The researchers supplied a compound called fostamatinib disodium or R788, a methylene phosphate prodrug of R406, that can be orally ingested, to mice and studied the lung tissue. They found that ischemic-reperfusion injury caused acute lung injury, which in turn led to high levels of mucin-1 in the lung epithelium. They concluded that this is “consistent with previous reports that excess MUC1 is injurious.”

However, when they examined the lung tissue of mice treated with R788, they found significantly reduced mucin-1, as seen by immunohistochemical imaging and quantitative image analysis.

Mechanism of Action of R406

The study thus shows that R406 could be used to reduce mucin-1 levels in the lung epithelium in patients with acute lung injury. This molecule powerfully inhibits SYK, which is a protein tyrosine kinase in the cell cytoplasm, mediating the expression of multiple inflammatory chemicals. Most leukocytes express SYK, and it plays a role in immune signaling pathways, whether through B cell receptors or Fc receptors.

SYK is also involved in cellular adhesion, mediates recognition of antigens by innate immune cells, and in the activation of platelets. Its key role in immune regulation means that many drugs target this enzyme, including over 50 SYK small molecule inhibitors to treat a range of conditions, from asthma to arthritis.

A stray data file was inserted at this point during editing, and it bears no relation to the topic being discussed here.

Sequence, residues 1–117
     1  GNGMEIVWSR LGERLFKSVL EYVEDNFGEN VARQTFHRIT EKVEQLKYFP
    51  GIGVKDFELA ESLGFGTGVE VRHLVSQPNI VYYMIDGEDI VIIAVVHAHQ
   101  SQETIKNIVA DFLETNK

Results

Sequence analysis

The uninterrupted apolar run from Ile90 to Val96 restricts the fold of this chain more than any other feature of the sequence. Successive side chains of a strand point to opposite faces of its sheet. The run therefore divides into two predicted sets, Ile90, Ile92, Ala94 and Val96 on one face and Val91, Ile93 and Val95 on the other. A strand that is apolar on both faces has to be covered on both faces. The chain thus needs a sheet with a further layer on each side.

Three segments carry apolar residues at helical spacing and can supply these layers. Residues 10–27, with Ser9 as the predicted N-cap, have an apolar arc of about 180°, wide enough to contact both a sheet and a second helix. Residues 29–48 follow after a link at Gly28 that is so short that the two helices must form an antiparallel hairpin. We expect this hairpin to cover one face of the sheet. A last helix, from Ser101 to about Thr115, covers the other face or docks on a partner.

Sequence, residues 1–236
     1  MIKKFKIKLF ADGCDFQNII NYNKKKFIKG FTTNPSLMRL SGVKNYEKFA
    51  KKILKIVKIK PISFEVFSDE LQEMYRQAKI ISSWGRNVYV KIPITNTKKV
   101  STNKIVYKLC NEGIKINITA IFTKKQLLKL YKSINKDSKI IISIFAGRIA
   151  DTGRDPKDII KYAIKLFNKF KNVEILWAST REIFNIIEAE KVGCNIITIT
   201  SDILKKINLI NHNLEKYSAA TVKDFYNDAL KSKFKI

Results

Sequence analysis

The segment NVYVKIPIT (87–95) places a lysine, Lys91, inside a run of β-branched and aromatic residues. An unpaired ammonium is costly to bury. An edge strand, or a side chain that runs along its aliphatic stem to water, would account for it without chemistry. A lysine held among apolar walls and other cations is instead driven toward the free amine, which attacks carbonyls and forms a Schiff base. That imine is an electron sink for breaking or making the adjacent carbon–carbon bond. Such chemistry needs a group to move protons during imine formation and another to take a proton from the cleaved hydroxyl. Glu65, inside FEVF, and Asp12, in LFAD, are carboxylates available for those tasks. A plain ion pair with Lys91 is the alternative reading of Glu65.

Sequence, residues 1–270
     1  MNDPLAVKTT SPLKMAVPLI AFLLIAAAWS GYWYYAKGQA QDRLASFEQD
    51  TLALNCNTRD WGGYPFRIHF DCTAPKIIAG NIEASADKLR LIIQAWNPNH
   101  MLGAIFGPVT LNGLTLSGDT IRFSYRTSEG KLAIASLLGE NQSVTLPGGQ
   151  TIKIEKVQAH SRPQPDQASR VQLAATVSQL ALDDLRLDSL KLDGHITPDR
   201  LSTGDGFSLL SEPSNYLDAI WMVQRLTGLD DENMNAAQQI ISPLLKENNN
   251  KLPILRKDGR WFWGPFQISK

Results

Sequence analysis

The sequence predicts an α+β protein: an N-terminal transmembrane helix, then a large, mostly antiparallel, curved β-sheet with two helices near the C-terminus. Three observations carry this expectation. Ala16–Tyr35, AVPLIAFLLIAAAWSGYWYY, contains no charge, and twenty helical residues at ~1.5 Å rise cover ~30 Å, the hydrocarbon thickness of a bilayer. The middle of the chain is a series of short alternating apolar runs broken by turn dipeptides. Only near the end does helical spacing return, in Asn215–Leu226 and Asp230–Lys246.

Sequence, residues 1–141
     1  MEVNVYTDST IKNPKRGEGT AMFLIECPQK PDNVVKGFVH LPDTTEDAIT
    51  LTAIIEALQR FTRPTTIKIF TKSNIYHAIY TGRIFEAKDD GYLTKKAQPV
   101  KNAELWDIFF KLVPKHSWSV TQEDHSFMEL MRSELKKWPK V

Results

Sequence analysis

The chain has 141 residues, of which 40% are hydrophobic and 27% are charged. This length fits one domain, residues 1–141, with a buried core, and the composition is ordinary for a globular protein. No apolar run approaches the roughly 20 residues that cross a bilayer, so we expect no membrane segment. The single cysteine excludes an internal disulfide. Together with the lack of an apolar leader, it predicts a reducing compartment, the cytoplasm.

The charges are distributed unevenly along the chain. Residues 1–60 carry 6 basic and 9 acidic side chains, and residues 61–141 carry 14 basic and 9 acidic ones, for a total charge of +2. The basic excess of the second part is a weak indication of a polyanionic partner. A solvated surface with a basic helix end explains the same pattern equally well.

Recent studies show that KL-6/MUC1 levels are reliable prognostic biomarkers of disease severity in patients with COVID-19-related acute lung injury.

Therefore, say the researchers, “Given the roles of excess KL6/MUC1 in ALI and ARDS, we propose that Fostamatinib may confer benefit in patients with COVID-19 lung injury.”

They suggest that this provides a foundation for future clinical trials which will test the usefulness of repurposing this drug for COVID-19 patients.

*Important Notice

bioRxiv publishes preliminary scientific reports that are not peer-reviewed and, therefore, should not be regarded as conclusive, guide clinical practice/health-related behavior, or treated as established information.

Journal reference:
Dr. Liji Thomas

Written by

Dr. Liji Thomas

Dr. Liji Thomas is an OB-GYN, who graduated from the Government Medical College, University of Calicut, Kerala, in 2001. Liji practiced as a full-time consultant in obstetrics/gynecology in a private hospital for a few years following her graduation. She has counseled hundreds of patients facing issues from pregnancy-related problems and infertility, and has been in charge of over 2,000 deliveries, striving always to achieve a normal delivery rather than operative.